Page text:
> into a PHP container.
>
> Solution 1 does work. Rather than using a JSON file, you put your
> configuration in a PHP file that returns an array.
>
> For instance, using your sample, we could convert your JSON into this
> PHP file:
>
> <?php
> return [
> 'services' => [
> 'dwarf_factory' => [
> 'class' => 'Disney\DwarfFactory'
> ]
> 'dwarf_manager' => [
> 'class' => 'Disney\DwarfManager',
> 'arguments' => ['@dwarf_factory', 4]
> ]
> ]
> ];
>
> PHP files are cached by the OPCache and therefore are loaded
> instantly. Mouf has been using this very technique for the past 6
> years and I can tell you performance is ok. The problem, of course, is
> that the frameworks that have a compiler will be less than thrilled to
> see a PHP configuration file. It is harder to analyze than YML or JSON
> as you cannot see what it contains without actually executing the PHP
> in it (no static analysis)... so it features a number of issues.

Is that really harder, though? You can tokenize the file if you want to
avoid loading it into memory:

http://php.net/manual/en/function.token-get-all.php

But if you're going to be loading it into your container anyway, you'll
want to load/parse it and then manipulate the resulting array.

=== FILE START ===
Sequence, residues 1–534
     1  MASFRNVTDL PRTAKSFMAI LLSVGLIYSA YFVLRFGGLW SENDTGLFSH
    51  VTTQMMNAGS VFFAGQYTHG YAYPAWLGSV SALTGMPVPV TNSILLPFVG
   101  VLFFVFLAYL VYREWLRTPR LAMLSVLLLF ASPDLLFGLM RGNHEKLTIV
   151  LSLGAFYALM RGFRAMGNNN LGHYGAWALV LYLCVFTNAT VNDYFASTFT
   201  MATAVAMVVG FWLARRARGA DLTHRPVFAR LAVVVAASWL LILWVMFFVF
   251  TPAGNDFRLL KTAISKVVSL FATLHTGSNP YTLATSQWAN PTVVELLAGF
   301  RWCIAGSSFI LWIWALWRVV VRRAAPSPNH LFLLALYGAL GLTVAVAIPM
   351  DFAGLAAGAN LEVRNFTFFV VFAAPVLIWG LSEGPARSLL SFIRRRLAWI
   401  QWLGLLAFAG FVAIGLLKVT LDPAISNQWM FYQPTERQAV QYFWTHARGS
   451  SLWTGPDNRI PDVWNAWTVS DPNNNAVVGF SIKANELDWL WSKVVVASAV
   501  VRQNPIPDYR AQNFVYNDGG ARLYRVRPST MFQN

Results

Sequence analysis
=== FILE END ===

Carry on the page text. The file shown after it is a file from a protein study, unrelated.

> The other solution is to compile JSON files into a PHP container...
> but remember, I'm specifically speaking about containers that have no
> compiler (which by the way, are a majority out there). Do you think
> Pimple would implement a compiler? (it would simply explode its
> 80-lines of code). Hopefully, there is another way around this.
> Someone could write an external library that would compile all
> configurations files into a PHP container. Then every framework could
> hook that container to their own container... which is exactly what
> PSR-11 is about (this is the delegate dependency lookup pattern!) So
> even if you managed to have a unique JSON format agreed upon, you
> would still need PSR-11's ContainerInterface as a prerequisite.

I do not follow this logic.

Uncompiled containers have an upper bound of usefulness, because
otherwise the time spent on each request configuring the container with
services goes up with each service registered. That's why compiled
containers exist, to eliminate that overhead. They add a fair bit of